For the longest time, we just knew Mayar as the girl with the fancy hair. With long hours to spend in the ward waiting for her shot at heart surgery, her mother had lots of time to sit on the edge of the hospital bed, brushing out Mayar’s hair, and creating endless combinations of braids and pony tails.
Mayar’s family is from a different part of Libya. They came to this hospital just for the chance to get heart surgery for their girl. In Libya, where the country is so fractured, your safety depends on your family—your clan. You trust the people you know—they have your back and you have theirs. With ISIS cells spread across northern Libya, it can be a frightening place without your extended family.
What does it look like, when a father is desperate to get care for his daughter, but is afraid to take them so far from home? It means sleeping in your car on the hospital grounds for weeks while your wife and daughter stay in the hospital, waiting for their turn for surgery. It means turning down offers of help from local strangers because you feel so strongly that you need to stay close to your family—to protect them, just in case.
When it finally came time for Mayar to have her surgery, it was an all-night session in the operating room that started with a wonderful surprise.
Our scrub nurse, Martina, began to read through Mayar’s chart, to prepare for this surgery. Martina found her own name in the notes from Mayar’s previous surgery, years earlier, in a different city. Mayar has the kind of complicated heart defect that requires more than one operation to repair. We didn’t recognize this grown up girl we had known as a baby!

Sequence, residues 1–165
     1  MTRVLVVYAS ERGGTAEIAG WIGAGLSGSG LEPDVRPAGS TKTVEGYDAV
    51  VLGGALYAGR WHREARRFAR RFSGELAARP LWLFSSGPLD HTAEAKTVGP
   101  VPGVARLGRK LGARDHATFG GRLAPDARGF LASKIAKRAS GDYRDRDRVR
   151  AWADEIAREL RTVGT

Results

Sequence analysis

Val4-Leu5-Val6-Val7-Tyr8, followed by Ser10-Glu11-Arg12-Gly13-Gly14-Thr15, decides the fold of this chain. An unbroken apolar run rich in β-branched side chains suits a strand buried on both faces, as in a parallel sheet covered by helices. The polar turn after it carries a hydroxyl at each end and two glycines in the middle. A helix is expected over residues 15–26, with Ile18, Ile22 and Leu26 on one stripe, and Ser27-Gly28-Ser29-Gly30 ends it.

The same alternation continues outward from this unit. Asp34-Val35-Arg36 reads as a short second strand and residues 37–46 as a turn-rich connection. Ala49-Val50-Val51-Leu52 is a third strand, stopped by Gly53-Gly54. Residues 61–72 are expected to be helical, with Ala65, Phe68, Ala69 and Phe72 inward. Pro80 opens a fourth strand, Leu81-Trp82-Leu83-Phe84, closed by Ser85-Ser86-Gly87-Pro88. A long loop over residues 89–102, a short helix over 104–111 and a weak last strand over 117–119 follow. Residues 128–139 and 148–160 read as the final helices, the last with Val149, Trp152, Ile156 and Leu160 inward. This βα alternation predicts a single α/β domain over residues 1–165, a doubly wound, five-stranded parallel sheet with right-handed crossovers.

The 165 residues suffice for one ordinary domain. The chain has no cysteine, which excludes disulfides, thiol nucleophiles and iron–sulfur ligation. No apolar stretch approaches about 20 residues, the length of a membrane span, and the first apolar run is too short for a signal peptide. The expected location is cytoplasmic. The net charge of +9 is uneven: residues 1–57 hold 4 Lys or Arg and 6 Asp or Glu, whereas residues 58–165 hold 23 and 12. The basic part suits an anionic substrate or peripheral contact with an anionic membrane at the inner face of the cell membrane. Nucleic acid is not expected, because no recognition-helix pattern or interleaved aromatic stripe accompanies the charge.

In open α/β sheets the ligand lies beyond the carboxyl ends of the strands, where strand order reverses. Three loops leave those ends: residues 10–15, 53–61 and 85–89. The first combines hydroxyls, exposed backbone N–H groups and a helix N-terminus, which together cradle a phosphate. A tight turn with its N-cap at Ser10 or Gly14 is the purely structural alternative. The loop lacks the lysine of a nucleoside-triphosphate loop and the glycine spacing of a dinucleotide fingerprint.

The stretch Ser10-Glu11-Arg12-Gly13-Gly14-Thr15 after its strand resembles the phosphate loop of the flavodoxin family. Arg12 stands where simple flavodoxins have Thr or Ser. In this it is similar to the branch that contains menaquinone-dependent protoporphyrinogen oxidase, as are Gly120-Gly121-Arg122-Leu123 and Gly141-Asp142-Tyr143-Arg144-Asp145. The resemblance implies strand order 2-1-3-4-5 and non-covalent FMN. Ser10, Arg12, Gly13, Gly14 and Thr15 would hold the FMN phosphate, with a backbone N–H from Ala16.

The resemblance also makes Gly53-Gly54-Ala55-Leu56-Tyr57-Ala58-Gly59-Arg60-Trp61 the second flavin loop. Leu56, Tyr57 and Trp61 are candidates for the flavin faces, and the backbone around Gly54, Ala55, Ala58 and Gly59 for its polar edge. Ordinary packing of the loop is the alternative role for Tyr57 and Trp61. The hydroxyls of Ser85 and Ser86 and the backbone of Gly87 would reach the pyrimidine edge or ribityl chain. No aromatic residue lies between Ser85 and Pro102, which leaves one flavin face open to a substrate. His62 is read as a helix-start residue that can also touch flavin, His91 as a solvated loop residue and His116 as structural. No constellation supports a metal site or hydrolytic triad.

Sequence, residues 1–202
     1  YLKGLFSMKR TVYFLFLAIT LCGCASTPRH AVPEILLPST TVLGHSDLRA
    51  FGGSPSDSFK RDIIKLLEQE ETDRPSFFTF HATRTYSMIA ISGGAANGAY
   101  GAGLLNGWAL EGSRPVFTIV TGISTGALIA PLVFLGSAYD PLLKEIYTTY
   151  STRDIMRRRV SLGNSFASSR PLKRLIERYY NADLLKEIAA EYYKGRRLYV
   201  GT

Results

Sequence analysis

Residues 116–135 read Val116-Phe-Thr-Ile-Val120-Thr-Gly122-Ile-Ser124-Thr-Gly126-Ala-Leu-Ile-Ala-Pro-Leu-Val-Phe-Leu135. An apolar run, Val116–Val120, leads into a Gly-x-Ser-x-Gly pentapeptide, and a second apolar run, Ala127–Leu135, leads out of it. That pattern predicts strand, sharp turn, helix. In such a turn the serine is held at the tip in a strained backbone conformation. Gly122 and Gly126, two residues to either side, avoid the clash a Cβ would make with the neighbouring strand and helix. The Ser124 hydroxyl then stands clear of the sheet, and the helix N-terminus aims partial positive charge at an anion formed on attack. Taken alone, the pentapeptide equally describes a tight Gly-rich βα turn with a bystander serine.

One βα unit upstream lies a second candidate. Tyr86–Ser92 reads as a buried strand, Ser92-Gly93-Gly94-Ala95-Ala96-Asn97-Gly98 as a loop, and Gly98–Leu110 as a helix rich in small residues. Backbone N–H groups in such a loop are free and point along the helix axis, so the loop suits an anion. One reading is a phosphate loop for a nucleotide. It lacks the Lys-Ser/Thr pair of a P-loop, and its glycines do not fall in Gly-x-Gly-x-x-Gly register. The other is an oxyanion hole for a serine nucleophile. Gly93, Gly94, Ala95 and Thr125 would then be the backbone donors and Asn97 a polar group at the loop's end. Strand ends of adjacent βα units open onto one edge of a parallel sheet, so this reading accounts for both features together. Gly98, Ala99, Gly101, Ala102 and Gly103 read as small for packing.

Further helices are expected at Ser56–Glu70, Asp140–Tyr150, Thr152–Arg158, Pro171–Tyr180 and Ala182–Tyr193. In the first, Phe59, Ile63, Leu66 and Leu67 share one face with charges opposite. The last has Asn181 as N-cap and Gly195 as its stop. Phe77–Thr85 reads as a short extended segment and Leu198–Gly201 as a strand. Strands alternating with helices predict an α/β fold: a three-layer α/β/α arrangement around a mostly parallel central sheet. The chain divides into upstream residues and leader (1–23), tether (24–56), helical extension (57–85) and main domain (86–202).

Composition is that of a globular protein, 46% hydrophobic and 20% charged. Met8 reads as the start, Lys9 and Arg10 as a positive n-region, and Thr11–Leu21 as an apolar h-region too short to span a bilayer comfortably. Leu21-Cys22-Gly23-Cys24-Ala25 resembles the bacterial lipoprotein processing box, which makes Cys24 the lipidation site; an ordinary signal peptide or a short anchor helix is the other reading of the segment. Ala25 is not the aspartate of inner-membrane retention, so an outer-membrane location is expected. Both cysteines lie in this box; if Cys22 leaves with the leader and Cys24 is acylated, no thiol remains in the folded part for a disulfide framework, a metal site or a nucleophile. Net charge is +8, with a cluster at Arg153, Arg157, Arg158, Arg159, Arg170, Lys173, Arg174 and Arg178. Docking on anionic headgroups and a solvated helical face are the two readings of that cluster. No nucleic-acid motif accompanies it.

It was a full-circle moment for us. Part of our team gave Mayar the surgery that bought her some time. Now we had the chance to make the repair that would extend her life—and we worked through the night to make it happen.
After surgery, back in the ward to recover a little longer before going home, Mayar got a new fancy hair style. It was the first sign that she was feeling like herself again. Finding her eating French Cheese potato chips was a pretty good sign too!
Moments like this convince us, again and again, of the value of committing to the development medical infrastructure. In returning to teach more, to perform more surgeries, we are able to save the lives of children like Mayar.